In competitive business markets, a single bad personnel decision can have strongly negative implications for a company’s market share, corporate stability, innovative capacity, and organizational trust. The Navy’s talent management strategy risks worse consequences; lives are at stake. Personnel management shortfalls are masked by 50-plus years of limited conflict—but at the cost of innovation and productivity.
But, most important, the way the Navy trains and manages talent has a significant effect on its lethality, and it must convert its industrial-age systems into ones that confer a competitive advantage. Adopting an objective, merit-based detailing system will improve organizational trust by increasing selectivity and rejecting the cronyism, timing, and subjectivity that damage today’s system.
Match Qualifications and Experiences to Billets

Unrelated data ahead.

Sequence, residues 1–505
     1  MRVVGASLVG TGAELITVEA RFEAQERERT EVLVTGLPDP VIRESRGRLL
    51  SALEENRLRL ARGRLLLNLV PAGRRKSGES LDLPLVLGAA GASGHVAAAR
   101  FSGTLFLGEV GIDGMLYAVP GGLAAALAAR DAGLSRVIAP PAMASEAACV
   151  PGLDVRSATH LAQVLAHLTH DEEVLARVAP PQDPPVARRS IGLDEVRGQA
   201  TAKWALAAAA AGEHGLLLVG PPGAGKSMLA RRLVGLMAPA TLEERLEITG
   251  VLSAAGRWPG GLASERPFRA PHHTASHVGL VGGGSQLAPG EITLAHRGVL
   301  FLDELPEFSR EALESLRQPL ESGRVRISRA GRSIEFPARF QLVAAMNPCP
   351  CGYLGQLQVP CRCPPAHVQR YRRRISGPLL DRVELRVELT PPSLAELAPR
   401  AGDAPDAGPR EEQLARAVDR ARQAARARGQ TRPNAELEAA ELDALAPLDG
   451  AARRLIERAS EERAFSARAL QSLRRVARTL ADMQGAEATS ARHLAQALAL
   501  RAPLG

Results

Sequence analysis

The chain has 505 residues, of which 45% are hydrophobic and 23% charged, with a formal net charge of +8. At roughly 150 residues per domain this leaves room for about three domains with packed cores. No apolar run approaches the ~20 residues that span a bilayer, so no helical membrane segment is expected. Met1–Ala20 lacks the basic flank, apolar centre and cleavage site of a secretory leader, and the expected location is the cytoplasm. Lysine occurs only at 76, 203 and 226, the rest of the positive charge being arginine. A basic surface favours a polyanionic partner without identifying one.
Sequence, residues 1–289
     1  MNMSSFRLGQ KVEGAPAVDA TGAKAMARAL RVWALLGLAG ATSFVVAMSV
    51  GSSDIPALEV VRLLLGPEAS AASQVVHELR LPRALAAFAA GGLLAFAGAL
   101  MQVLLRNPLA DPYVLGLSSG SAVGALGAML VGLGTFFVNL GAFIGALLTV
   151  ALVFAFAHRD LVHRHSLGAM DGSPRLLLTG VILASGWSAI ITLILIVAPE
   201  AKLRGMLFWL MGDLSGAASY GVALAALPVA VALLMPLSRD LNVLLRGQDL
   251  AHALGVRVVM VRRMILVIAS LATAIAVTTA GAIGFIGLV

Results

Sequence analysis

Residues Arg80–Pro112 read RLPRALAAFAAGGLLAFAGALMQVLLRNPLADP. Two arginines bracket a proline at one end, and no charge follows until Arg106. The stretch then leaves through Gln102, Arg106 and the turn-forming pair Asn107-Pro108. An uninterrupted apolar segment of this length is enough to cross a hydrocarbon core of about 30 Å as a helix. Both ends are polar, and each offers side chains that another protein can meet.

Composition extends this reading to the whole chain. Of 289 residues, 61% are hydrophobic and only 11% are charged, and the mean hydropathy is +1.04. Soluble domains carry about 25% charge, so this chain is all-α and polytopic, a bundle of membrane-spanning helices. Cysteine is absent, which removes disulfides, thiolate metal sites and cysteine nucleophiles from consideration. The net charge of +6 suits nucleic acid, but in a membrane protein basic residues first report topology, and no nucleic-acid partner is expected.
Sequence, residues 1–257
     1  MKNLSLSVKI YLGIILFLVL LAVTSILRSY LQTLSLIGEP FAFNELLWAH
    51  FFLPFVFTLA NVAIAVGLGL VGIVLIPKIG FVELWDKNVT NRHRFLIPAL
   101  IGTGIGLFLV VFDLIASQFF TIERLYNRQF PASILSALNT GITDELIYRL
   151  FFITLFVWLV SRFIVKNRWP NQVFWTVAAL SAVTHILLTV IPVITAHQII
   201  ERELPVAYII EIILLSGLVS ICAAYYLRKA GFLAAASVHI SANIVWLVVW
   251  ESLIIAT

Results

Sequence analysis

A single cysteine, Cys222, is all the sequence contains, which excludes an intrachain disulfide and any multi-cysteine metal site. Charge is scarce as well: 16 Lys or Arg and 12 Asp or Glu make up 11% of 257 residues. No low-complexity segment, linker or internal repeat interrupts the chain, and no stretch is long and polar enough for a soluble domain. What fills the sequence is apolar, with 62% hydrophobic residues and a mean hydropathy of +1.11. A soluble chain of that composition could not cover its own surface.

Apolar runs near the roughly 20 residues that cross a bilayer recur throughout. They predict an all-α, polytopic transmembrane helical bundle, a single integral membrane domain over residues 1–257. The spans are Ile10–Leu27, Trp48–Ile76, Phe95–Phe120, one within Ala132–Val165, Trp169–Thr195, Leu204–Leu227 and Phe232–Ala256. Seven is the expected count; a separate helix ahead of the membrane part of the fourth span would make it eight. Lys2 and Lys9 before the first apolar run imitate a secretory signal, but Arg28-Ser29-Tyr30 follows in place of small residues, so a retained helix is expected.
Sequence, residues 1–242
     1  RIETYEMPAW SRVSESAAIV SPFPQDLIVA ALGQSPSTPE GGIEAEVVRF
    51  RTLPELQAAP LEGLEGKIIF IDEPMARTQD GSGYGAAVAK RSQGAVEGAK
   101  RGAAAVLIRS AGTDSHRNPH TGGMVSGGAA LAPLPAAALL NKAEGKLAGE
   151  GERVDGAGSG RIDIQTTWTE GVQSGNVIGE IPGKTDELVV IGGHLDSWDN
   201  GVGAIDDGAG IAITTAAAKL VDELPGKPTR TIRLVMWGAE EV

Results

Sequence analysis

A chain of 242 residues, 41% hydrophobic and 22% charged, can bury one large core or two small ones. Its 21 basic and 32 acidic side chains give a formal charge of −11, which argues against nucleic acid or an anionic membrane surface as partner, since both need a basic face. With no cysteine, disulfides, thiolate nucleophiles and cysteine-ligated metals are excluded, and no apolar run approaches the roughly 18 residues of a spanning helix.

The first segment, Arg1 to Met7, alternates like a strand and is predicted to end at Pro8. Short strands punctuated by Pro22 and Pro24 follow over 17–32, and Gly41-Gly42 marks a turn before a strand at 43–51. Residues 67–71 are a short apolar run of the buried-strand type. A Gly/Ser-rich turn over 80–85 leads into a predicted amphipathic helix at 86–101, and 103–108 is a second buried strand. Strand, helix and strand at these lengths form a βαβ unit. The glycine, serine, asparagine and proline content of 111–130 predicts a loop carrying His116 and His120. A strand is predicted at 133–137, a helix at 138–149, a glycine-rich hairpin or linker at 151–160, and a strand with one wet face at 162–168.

Successful corporations hire and promote individuals to critical positions by carefully matching candidates’ skills, experience, and proven performance to a position. This maximizes intellectual capital and improves quality, job fit, and continuity. In the military, not all service members with an on-course, “early-promote” (EP) fitrep possess identical capability, skills, qualifications, and experience. In addition, fitreps and service records do not capture fully the vital information required to maximize talent and make best-fit hires. As a result, detailing tends to focus on timing, word of mouth, and fitrep marks.